For example, let’s say in today’s world a scalper uses a bot to buy a bulk of tickets to an in-demand concert such as Eric Prydz. Each ticket was $50.00 face value. The scalper then puts those tickets on StubHub or another secondary site and lists them for $150.00 each marking them up three times the original price. That $100.00 difference is entirely pocketed by the re-seller and does not go back to the artists, promoters, or venue currently. With smart contracts, the promoter or ticketing platform can now put restrictions on how much the ticket is allowed to re-sell for, or perhaps even prohibits the ticket to be re-sold.
With smart contracts, ticketing platforms can potentially:
The way tickets are secure is by assigning a unique, immutable, and verifiable transaction on the blockchain. Essentially, every ticket is now tied to a real person and no one can fraudulently pretend they own a ticket to an event when they do not because of the strict decentralized record of transactions.
Blockchain technology can be difficult to understand, but in simple terms:
Blockchain is a distributed database that maintains a continuously-growing list of transactions grouped in so called blocks. Each block contains a timestamp and a link to a previous block secured with encryption.
Also, each recorded transaction needs to comply with a digital ‘smart contract’ that defines the market regulation rules. So, in effect, blockchain is a decentralised digital ledger that validates and records transactions on thousands of computers globally. This means the transactions cannot be altered retrospectively, as there are so many copies.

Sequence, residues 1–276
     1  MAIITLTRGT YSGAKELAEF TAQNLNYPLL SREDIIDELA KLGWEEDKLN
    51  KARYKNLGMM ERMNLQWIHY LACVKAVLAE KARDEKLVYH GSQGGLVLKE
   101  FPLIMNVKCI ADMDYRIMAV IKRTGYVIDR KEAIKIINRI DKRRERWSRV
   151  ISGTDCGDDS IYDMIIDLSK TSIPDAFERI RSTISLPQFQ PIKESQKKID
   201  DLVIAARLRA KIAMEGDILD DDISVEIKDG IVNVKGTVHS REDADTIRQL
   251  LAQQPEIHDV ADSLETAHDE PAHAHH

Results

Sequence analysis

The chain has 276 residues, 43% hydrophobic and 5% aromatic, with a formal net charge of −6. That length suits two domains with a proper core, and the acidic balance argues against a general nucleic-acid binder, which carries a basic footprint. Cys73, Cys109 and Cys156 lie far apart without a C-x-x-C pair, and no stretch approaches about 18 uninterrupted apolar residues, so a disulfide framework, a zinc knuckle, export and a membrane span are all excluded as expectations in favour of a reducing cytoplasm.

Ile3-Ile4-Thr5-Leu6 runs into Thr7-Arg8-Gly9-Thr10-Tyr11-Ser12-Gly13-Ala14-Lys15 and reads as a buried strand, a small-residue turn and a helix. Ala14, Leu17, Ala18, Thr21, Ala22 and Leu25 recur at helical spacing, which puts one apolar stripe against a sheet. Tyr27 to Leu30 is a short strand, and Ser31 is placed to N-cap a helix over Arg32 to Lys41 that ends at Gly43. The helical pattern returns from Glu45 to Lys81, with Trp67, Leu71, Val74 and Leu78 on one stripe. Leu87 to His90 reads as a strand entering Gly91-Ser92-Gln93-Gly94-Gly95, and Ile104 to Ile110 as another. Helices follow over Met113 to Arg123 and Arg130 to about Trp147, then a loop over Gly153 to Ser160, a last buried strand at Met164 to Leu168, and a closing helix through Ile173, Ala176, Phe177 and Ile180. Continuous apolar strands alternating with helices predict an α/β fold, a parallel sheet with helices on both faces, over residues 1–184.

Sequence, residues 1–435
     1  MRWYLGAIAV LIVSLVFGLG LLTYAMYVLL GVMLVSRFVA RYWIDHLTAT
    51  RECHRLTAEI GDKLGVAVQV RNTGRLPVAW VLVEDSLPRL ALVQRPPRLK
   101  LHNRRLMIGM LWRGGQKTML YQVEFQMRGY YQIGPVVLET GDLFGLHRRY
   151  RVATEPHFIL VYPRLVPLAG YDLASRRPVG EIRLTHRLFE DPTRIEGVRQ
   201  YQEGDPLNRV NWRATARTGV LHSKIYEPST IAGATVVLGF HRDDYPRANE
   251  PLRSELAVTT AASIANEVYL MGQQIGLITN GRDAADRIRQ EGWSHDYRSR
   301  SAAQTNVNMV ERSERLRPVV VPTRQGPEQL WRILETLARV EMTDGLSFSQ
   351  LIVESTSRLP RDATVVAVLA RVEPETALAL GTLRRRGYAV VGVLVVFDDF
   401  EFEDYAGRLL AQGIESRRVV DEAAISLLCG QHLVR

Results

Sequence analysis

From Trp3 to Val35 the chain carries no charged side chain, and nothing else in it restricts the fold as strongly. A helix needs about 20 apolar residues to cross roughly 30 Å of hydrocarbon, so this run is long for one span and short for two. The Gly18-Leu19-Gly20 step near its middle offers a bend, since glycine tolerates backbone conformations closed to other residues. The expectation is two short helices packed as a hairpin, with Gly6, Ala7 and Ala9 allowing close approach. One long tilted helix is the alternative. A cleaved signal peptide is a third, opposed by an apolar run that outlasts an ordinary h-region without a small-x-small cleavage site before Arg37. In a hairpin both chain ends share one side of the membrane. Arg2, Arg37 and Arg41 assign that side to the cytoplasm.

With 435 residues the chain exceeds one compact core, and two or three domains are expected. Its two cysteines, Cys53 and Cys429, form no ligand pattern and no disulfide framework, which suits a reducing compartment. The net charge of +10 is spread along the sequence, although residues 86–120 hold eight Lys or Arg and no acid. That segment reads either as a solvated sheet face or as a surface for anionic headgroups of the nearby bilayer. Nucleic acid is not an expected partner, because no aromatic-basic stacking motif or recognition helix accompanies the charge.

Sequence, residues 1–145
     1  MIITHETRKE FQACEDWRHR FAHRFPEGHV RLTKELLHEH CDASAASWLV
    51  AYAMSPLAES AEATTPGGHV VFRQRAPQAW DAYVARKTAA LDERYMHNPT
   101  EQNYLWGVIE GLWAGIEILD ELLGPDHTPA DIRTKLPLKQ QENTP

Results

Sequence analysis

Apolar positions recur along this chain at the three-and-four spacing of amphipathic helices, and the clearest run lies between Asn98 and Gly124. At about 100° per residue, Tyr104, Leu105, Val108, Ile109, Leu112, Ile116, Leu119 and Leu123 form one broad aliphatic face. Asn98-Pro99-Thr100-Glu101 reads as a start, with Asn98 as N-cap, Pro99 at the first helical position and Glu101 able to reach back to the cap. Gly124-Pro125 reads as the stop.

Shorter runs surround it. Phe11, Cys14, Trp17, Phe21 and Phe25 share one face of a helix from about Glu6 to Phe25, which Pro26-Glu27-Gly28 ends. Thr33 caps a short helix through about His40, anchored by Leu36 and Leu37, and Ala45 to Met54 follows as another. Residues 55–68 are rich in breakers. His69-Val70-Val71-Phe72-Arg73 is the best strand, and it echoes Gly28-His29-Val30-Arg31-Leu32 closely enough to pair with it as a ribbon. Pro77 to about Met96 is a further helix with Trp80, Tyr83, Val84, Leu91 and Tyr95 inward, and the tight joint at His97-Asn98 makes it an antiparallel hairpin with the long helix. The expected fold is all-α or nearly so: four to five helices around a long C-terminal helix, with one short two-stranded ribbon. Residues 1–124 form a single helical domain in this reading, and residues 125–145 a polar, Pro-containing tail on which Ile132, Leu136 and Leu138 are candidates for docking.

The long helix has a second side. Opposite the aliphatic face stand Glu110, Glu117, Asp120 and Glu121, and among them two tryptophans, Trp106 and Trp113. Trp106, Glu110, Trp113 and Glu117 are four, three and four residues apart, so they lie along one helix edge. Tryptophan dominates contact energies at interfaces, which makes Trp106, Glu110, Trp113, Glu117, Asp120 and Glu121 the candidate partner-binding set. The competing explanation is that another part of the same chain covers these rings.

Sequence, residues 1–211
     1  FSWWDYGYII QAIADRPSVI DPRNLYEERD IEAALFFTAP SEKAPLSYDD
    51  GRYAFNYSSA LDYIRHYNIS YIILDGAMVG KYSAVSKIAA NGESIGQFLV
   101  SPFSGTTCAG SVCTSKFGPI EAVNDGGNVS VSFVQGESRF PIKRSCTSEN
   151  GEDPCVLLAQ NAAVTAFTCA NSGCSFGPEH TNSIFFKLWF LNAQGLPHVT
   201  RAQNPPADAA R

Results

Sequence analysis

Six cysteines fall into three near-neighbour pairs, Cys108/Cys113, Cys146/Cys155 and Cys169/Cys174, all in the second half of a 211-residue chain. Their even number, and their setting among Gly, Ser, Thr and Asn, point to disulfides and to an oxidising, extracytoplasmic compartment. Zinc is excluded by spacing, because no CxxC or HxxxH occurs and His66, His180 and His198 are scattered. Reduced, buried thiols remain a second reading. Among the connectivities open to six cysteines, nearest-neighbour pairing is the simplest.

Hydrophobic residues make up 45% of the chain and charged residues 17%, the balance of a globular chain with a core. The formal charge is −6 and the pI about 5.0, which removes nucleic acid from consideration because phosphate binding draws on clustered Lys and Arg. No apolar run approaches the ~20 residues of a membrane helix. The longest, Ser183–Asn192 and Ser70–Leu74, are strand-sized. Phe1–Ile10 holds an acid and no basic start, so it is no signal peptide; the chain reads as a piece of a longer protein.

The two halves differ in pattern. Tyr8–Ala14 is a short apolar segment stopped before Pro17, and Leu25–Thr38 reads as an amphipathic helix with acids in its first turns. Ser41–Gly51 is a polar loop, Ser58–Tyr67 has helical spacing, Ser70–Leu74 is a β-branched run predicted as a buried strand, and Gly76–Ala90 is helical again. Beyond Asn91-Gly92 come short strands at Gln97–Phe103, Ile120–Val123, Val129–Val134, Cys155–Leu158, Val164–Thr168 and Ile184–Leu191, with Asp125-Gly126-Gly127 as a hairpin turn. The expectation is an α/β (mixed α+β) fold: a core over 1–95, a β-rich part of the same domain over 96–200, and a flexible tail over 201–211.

Blockchain ticketing start-up Secutix
Blockchain is safer than traditional databases because each piece of information is added to the network in blocks to a chain that records them forever. Whenever a piece of the puzzle is changed, it will record as a new block of the chain.
Blockchain ticketing platforms generally require every buyer to now use a digital ID tied to their smartphones instead of distributing tickets with barcodes. This practice ensures every single ticket is tied to a real person so that scammers cannot just send over screenshots of fake tickets where the barcode does not work.
Like with other industries, several ticketing platform start-ups utilizing blockchain technology have emerged over the past few years. Ticketing titan Ticketmaster even acquired one such start-up named UPGRADED in 2018. Ticketmaster claims that “UPGRADED converts traditional tickets into secure interactive digital assets protected by blockchain, providing event creators with more control and visibility over ticket distribution, and protecting fans against fraudulent tickets.” Blockchain ticketing is still in its infancy, but the music industry is certainly trending towards utilizing the new technology to create a better fan experience for all.
Blockchain is certainly a difficult technological concept to grasp. Thankfully, Reuters published an informative and easy-to-understand interactive website to help people understand what blockchain is all about which you can find here.